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It Might Not Make You Scream, But A Quiet Place Deserves to Be Talked About

This modestly creepy post-apocalyptic thriller stays committed to its simple if provocative concept, with some clever twists and effective frights.
By Todd Jorgenson |

As cinematic depictions of a post-apocalyptic near-future become more and more bleak, you almost wonder if survival would even be worth it. Then you witness the against-all-odds resilience of one family in A Quiet Place, and suddenly the future seems brighter.

Maybe that’s overstating it. After all, this is only a modestly creepy low-budget thriller with some clever twists and effective frights that stays committed to its simple if provocative concept, and therefore surpasses many of its genre brethren.

As suggested by the title, it takes place in a society where talking is practically forbidden and loud noises are an invitation for ruthless alien creatures to attack. The film doesn’t provide much context in its gradual revelation of the predicament involving one rural family that must live in virtual silence — communicating primarily via sign language.

That’s because blind, long-limbed monsters are hunting humans, of which there are very few left, by sound. Lee (John Krasinski) has turned the basement into a laboratory in which he’s been trying to find long-term survival solutions for more than a year. Evelyn (Emily Blunt) is pregnant with the couple’s fourth child.

In addition to the imminent danger, the family is coping with the aftermath of a tragedy, with the resulting guilt driving a wedge between Lee and daughter Regan (Millicent Simmonds), who also happens to be deaf. But it’s only a matter of time until the danger reaches their doorstep.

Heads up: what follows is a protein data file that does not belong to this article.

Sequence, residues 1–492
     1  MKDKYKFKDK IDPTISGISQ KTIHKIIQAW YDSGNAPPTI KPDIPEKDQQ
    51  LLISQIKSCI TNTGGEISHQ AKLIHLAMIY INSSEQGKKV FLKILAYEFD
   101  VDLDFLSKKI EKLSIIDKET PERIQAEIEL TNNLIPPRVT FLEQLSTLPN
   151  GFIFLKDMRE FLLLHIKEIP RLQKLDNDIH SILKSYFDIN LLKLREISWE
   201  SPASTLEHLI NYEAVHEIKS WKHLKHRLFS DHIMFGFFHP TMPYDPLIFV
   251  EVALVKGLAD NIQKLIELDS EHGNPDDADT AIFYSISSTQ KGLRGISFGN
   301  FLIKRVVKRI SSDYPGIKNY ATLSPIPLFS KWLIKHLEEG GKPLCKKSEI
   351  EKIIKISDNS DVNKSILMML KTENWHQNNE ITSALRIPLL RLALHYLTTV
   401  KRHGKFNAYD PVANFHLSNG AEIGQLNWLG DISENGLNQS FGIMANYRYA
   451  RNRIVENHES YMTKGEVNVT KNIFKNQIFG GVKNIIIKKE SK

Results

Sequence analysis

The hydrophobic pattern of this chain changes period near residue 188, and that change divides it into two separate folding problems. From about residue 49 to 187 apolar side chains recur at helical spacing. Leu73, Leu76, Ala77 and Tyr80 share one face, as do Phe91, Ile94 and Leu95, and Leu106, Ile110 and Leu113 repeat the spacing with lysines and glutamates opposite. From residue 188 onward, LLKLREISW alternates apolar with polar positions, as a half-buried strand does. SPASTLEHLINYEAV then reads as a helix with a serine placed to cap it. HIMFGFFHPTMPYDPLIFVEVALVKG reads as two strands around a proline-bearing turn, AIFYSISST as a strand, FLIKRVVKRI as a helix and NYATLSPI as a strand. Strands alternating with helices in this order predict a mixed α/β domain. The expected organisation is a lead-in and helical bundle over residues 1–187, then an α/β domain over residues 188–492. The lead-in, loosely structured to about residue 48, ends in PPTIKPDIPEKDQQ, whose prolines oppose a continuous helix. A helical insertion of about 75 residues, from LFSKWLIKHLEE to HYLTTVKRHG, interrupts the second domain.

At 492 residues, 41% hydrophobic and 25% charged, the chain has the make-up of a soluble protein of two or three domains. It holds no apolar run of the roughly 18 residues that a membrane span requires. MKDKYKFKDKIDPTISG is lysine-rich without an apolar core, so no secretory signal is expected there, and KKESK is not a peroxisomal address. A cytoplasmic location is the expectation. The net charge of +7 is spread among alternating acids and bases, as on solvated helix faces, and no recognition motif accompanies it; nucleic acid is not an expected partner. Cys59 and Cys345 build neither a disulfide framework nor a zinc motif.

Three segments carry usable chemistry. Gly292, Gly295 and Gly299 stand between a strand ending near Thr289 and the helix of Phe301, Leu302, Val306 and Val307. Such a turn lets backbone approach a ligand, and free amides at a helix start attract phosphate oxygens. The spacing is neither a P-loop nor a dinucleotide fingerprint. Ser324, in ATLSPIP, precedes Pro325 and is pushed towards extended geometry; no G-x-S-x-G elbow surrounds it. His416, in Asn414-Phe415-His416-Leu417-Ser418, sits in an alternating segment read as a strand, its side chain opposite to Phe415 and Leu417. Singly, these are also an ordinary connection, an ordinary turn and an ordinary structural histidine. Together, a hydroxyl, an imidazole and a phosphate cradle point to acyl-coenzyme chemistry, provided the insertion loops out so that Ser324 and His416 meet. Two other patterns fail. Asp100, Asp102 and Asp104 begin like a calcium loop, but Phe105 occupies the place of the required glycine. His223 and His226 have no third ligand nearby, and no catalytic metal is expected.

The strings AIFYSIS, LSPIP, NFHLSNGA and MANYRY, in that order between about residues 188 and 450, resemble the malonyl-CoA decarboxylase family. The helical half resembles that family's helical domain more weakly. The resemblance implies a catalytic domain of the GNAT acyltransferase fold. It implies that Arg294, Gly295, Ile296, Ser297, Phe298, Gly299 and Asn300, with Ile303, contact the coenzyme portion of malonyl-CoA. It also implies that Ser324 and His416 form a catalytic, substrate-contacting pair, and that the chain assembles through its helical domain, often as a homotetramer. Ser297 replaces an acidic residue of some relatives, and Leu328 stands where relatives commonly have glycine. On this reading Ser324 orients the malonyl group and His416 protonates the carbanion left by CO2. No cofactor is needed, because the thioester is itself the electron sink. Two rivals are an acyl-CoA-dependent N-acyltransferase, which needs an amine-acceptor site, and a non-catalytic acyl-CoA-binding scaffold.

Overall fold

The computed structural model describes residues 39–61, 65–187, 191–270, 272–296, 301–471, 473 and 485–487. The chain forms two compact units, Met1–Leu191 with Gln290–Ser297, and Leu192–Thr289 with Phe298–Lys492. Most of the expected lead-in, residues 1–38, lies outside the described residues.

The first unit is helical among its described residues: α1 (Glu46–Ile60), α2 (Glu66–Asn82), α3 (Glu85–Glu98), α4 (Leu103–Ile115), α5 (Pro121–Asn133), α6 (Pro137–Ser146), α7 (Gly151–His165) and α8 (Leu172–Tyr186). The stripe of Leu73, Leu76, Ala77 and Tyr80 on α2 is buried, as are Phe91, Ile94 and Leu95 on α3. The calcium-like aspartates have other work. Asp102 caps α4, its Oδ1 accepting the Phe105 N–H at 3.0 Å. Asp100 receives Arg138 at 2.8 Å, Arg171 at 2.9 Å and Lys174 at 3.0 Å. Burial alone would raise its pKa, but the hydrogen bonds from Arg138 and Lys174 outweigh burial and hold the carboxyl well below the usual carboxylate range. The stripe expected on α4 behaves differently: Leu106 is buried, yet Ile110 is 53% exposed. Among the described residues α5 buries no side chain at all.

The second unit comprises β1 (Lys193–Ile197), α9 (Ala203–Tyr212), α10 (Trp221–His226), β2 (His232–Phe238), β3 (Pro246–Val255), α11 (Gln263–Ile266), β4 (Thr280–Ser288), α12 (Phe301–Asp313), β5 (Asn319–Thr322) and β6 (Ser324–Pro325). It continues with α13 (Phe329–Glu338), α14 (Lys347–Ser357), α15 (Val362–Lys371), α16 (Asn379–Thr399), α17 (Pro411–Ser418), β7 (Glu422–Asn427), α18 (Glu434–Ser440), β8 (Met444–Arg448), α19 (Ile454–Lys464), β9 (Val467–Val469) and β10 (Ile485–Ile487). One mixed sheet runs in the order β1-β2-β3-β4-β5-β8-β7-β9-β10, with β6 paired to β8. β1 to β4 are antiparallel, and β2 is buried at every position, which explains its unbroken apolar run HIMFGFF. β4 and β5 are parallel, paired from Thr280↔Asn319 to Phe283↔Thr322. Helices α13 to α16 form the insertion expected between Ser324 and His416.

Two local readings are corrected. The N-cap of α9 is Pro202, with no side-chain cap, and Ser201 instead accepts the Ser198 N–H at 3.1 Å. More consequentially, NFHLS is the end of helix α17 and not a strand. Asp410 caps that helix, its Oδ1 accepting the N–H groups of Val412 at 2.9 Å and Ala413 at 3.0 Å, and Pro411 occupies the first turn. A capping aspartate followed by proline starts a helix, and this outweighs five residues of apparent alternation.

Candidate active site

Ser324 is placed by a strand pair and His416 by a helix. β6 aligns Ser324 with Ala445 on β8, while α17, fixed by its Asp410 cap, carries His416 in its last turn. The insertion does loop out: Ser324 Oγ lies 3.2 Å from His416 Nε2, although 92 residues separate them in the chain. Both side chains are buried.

Krasinski also directed and co-wrote the film, mostly avoiding jump scares and intrusive music swells as a cheap method of manipulating audience unease.

The small cast rises to the challenge of acting virtually without dialogue, relying heavily on facial expressions and body language to convey emotion. Maybe it helps that Krasinski and Blunt are married in real life, and that Simmonds (Wonderstruck) is actually hearing-impaired.

At any rate, the film excels at depicting the details of the family’s day-to-day coping mechanisms, such as attempts at normalcy through home-schooling, communication shortcuts when things get hairy, and methods for restocking food and supplies.

For those who buy in, A Quiet Place is an intense and inventive horror exercise that overcomes some narrative contrivances and logical gaps by effectively exploiting common audience fears. Now if only overzealous moviegoers would join the characters and just shut up.

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